Wednesday, June 21, 2017

100 Words on Trey Edward Shults' It Comes at Night


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By Thomas Puhr
Trey Edward Shults’ follow-up to his fantastic Krisha (2015) is less a horror film (as it has been advertised) and more a stripped-down survival story, following the unsteady dynamics of two families sharing an isolated home during a mysterious, unexplained epidemic. Shults slightly changes the film’s aspect ratio whenever the young Travis (Kelvin Harrison Jr.) has a foreboding dream; later, the writer-director alters this pattern in order to blur the line between reality and nightmare. Otherwise, the aural and visual experimentalism that made his first feature feel so exhilarating are largely absent. The performances, though effective, often feel stiflingly muted.

Saturday, May 20, 2017

Cannes Short Films Roundup: 2017



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100 Words on Jo Southwell's Deirdre (2016)
 
In her Cannes-bound short film, Deirdre (2016), writer-director Jo Southwell provides a glimpse into her gestating feature-length adaptation of an Irish folktale. Within a crisp 15-minute runtime, Southwell introduces the titular heroine (India Mullen), her fanatically-religious mother (Elaine Fox), and her absent, mysterious father (Zeb Moore). In addition to its mythological roots, the short makes some intriguing allusions to classic genre films; the violent mother locking her “sinful” daughter in a closet, as well as a disturbing bath scene, call to mind DePalma’s Carrie (1976). The film ends with a tantalizing cliffhanger, leaving much room for exploration in the feature.

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 100 Words on Patricia Chica's Morning After (2017)
Patricia Chica’s 2017 Cannes short, Morning After, unflinchingly charts the evaporating notion of concrete gender dichotomies. Returning to Montreal from a trip abroad, Michael (Thomas Vallieres) finds himself redefining his sexuality over the course of an increasingly-erotic welcome home party. Other than some off-the-cuff philosophical observations (if the universe is constantly changing, why shouldn’t humans?), Kristian Hodko’s script is light on its feet; the actors, both male and female, inhabit their characters with a laid-back ease. Dop Martin Bouchard’s cinematography, reminiscent of Aguirresarobe’s work in Vicky Cristina Barcelona, bathes both the characters and their home city in a sensual glow.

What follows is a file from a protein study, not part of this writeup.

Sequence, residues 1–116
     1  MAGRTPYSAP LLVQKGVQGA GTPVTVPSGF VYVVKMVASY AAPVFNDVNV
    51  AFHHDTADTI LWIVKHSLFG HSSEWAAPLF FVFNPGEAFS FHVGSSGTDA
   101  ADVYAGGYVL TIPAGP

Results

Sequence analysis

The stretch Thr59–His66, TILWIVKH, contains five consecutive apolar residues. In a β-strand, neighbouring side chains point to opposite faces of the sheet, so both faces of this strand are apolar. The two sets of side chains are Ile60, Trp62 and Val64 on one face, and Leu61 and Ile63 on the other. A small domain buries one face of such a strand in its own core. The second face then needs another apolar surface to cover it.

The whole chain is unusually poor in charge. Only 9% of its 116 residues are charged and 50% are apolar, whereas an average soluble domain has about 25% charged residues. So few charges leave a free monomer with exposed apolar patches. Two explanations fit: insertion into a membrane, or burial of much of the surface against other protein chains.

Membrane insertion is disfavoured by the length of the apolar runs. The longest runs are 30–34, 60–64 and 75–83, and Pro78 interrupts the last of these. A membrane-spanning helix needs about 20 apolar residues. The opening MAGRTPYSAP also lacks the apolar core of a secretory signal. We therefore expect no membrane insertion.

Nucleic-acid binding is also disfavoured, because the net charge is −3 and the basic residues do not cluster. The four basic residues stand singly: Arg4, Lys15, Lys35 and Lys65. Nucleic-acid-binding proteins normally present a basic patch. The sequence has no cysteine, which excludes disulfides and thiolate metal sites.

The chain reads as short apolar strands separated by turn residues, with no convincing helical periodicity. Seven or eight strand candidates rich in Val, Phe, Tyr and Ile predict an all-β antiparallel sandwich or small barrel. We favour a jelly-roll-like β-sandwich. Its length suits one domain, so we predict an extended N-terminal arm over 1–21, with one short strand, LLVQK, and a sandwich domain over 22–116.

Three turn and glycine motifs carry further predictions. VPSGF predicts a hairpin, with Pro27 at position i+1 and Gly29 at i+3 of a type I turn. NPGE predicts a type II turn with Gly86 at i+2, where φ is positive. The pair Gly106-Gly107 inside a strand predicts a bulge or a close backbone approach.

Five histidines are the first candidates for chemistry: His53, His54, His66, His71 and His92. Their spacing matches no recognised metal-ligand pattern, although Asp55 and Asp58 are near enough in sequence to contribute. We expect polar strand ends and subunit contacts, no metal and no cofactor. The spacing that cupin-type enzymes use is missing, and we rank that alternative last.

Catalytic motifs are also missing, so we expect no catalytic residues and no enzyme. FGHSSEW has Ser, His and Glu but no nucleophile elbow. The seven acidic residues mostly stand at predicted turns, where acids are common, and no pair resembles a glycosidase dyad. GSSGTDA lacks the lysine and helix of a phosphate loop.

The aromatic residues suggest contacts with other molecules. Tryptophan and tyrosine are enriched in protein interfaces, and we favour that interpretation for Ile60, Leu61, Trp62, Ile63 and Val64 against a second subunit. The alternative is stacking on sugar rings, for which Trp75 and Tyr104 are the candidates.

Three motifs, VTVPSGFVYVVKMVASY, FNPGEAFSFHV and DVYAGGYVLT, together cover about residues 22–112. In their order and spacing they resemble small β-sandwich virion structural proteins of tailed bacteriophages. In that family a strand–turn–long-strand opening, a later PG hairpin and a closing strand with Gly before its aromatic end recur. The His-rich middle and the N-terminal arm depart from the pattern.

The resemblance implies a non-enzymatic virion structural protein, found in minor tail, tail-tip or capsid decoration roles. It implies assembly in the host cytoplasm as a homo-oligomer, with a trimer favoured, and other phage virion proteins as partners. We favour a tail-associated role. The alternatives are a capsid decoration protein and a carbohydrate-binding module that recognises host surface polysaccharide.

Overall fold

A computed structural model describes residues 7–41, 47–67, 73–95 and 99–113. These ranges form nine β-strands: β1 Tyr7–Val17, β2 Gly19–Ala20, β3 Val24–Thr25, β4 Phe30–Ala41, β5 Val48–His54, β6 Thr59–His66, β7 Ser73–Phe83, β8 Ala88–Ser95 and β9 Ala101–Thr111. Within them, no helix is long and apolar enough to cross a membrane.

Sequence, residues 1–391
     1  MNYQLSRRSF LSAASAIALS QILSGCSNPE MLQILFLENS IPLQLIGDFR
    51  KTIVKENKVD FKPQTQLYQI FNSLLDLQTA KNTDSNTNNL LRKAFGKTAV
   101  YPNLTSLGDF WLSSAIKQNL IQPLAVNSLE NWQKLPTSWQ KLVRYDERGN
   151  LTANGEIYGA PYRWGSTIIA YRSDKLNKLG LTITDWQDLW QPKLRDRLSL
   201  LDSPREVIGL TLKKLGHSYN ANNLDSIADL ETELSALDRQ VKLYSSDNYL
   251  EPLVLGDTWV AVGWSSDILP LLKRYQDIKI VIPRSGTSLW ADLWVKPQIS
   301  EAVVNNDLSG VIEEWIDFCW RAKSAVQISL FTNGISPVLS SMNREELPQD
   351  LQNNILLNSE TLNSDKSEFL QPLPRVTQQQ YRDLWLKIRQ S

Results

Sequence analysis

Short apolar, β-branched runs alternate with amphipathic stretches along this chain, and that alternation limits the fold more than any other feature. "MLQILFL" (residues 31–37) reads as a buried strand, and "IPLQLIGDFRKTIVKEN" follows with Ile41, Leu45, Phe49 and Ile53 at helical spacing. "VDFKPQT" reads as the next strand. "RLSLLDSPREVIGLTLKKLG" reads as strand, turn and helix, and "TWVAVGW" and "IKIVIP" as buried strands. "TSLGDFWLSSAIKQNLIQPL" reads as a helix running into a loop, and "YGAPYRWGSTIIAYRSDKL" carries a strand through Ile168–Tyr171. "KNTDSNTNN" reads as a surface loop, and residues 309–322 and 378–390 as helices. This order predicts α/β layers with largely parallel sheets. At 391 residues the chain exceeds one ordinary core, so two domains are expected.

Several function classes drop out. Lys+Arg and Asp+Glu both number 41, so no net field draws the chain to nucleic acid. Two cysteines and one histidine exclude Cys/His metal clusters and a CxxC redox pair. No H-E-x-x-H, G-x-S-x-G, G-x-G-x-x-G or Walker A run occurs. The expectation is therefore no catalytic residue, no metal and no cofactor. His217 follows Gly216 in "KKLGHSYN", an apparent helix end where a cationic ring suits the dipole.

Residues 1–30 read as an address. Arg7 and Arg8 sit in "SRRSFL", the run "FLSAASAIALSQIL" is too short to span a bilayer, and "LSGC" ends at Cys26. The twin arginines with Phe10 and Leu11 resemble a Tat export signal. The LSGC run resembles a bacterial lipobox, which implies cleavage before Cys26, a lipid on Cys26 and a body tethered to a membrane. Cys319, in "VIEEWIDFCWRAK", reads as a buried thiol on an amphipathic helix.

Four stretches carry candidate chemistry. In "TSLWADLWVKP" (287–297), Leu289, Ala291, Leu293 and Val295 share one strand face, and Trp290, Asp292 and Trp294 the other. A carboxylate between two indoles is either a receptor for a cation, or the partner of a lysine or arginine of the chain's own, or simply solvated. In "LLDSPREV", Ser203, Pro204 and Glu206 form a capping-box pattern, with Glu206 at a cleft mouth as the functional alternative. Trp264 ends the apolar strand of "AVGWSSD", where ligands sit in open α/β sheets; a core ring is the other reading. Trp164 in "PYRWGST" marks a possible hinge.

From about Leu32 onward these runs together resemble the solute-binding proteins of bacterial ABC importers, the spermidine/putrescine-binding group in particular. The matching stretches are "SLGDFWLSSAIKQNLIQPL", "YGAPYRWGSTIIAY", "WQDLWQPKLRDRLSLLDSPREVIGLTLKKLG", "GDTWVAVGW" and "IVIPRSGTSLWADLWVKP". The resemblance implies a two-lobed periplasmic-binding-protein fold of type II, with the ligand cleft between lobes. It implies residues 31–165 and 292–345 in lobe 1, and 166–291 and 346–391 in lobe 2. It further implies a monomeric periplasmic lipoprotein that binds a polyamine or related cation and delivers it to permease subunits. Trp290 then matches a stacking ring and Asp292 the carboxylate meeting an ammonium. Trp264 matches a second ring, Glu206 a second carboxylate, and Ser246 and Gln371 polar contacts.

By Thomas Puhr

Wednesday, March 1, 2017

100 Words on M. Night Shyamalan's Split (2016)


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By Thomas Puhr
In his best film since 2002’s Signs, Shyamalan takes a conceit that is excessively used as a twist ending (a main character having multiple personality disorder) and instead makes it the foundation for his tale of three girls (headed by Anya Taylor-Joy) who are abducted and terrorized by a man (James McAvoy, attacking the role with relish) with 23 personalities; especially noteworthy is a final confrontation that is by turns genuinely-unsettling and oddly-touching (echoes of Blade Runner here); the requisite twist actually enriches the story preceding it, announcing what could be a more ambitious and experimental phase in Shyamalan’s career.

Sunday, January 29, 2017

100 Words on Adam Wingard's Blair Witch (2016)


By Thomas Puhr

Frequent collaborators Adam Wingard and Simon Barrett’s follow-up to the great The Blair Witch Project (1999) is well-constructed (a subtle visual twist brings everything full circle), yet ultimately unnecessary. Attempts are made to varnish the original’s roughness; a drone camera, for example, provides some eerie overhead shots (a clever conceit that is ultimately wasted). Just as John Carpenter did with his masterful update of The Thing, Wingard and Barrett make explicit what the original left in shadows. This decision is fine (did they really have a choice?), but the inevitable reveal of the creature is a mess of generic CGI. 

Wednesday, January 18, 2017

100 Words on Michael Wong's "The Story of 90 Coins" (2015)


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By Thomas Puhr

In his directorial debut, “The Story of 90 Coins,” Michael Wong explores the peaks and valleys of a months-long relationship between the sentimental Wang Yuyang (Dongjun Han) and the ambitious Chen Wen (Zhuang Zhiqi), all in under 10 minutes, no less. The central conceit (Wang Yuyang gives Chen Wen a coin and accompanying note to mark each of their 90 encounters) allows Wong to hopscotch freely amongst the couple’s experiences, which range from comic to unabashedly-melodramatic. Despite an unnecessary postscript, the action ends on a pleasantly-ambiguous note. The cinematography, which tempers some overwrought moments with a crisp sheen, stands out.

Tuesday, July 19, 2016